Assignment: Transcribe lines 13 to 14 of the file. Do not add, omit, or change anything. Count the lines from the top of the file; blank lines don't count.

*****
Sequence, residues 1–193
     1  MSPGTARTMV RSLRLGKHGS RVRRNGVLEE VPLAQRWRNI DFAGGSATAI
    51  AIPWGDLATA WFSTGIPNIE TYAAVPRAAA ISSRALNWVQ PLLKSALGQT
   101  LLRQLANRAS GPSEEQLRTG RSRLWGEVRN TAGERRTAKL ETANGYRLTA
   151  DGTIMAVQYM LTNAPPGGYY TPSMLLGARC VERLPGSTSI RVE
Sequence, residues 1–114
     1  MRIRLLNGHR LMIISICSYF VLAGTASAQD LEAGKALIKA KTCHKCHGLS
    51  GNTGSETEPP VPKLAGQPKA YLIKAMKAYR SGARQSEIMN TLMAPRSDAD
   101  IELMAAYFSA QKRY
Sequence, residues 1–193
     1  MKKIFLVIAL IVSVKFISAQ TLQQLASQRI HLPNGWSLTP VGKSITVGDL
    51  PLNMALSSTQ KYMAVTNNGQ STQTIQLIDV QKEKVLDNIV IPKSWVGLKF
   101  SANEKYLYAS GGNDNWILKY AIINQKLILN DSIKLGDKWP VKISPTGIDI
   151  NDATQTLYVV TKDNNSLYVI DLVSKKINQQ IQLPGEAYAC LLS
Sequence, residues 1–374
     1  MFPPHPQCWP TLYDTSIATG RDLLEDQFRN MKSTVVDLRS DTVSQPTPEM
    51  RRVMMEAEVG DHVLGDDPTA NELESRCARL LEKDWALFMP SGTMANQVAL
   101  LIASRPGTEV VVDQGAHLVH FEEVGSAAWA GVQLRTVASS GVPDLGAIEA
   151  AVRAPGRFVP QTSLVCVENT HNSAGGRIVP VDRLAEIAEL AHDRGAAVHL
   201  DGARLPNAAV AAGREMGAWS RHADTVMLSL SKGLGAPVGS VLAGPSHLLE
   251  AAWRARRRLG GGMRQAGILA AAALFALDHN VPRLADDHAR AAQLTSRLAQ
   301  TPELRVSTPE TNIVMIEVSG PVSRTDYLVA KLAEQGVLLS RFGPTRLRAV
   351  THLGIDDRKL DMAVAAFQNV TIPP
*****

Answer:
   101  SANEKYLYAS GGNDNWILKY AIINQKLILN DSIKLGDKWP VKISPTGIDI
   151  NDATQTLYVV TKDNNSLYVI DLVSKKINQQ IQLPGEAYAC LLS